The Turkish lira continues to ride like on a swing. On Monday, it lost again against the dollar

Turkey, Turkish lira

Despite interventions in its favor, the Turkish lira is still about 35 percent weaker than a year ago, losing about 12 percent to its value in mid-November. That’s when the Turkish currency began to fall massively.

The Turkey lira has had its best week in years. Between December 20 and 24, it firmed nearly 50 percent against the dollar. But this is largely due to the massive interventions of turkey’s central bank, which has spent billions of dollars to support the lira.

But as soon as the state stopped supplying the Turkish currency with “steroids”, it began to fall again. On Monday, December 27 alone, it fell nearly eight percent against the dollar. The Turkish lira is still about 12 percent weaker than in mid-November, when it began its near-free fall. And at year-old levels, it loses around 35 percent.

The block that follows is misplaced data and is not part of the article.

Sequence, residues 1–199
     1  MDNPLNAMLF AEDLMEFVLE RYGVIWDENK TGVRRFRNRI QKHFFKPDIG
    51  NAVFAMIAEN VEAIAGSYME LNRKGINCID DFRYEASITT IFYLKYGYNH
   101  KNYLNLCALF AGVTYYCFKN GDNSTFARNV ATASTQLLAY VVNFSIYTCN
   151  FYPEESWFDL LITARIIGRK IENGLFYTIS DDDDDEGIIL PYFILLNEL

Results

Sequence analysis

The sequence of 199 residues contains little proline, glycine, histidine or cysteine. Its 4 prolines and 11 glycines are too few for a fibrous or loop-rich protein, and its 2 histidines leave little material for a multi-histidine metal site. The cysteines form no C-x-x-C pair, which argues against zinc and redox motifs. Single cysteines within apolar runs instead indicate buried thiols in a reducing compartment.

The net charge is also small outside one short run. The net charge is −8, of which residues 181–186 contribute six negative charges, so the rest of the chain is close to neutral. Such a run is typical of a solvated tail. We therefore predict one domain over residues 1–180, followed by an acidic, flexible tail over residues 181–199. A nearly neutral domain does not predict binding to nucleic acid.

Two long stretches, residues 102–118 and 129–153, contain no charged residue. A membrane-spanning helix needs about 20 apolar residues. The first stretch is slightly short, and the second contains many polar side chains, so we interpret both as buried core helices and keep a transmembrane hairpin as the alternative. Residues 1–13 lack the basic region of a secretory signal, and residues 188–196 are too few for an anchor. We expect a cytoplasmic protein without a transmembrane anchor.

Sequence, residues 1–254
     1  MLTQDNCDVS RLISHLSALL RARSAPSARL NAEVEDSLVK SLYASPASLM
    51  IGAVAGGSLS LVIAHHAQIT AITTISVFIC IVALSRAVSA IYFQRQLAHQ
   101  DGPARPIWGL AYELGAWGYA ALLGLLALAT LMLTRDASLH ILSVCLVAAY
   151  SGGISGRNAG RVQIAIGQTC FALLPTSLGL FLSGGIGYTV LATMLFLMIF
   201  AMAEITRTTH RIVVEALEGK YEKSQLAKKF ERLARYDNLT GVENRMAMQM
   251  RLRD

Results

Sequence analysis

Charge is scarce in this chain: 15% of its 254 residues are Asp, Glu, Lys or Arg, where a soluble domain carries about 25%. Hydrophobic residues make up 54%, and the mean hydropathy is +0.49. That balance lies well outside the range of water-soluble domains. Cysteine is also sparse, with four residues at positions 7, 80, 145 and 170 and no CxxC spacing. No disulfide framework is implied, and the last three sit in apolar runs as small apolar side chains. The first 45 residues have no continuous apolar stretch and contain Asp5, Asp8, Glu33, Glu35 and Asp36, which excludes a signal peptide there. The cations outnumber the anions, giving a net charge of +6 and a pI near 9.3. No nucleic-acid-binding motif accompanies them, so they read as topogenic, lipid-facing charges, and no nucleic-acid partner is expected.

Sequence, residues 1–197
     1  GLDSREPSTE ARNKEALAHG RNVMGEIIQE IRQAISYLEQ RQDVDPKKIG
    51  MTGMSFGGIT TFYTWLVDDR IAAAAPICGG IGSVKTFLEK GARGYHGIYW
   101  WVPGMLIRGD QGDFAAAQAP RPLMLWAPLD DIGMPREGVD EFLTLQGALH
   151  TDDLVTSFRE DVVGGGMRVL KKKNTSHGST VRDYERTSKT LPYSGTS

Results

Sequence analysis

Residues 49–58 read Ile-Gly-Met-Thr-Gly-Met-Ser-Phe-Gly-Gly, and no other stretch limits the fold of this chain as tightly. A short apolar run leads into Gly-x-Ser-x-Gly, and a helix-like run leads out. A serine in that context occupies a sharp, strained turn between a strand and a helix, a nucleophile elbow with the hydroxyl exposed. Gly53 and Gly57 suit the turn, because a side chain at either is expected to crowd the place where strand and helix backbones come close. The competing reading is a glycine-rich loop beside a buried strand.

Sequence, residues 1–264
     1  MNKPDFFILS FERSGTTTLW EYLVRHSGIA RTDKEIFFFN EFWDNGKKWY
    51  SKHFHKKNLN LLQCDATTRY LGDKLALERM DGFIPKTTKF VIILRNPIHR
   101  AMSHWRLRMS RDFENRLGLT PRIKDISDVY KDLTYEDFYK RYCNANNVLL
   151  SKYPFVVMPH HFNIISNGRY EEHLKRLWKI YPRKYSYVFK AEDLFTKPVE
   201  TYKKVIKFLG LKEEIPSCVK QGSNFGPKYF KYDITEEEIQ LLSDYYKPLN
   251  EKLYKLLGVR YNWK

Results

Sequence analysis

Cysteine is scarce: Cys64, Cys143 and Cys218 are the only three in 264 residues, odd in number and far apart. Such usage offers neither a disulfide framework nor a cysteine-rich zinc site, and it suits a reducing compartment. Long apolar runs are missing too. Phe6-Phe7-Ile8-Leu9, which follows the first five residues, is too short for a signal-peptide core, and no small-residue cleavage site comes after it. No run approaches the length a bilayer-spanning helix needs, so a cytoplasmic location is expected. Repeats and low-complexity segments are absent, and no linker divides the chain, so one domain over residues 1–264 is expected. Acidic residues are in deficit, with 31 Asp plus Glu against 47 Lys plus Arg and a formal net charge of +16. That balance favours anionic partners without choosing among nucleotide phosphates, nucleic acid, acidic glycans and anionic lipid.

Investors began to get rid of the Turkish currency after it became clear that the Turkish central bank was not politically independent. Under pressure from Turkish President Recep Tayyip Erdogan, it cut its key interest rates by five percentage points in September, even though Turkish inflation rose to more than 21 percent. The pace of price increases in Turkey is expected to accelerate even further, up to 30 percent on a year-on-year basis.



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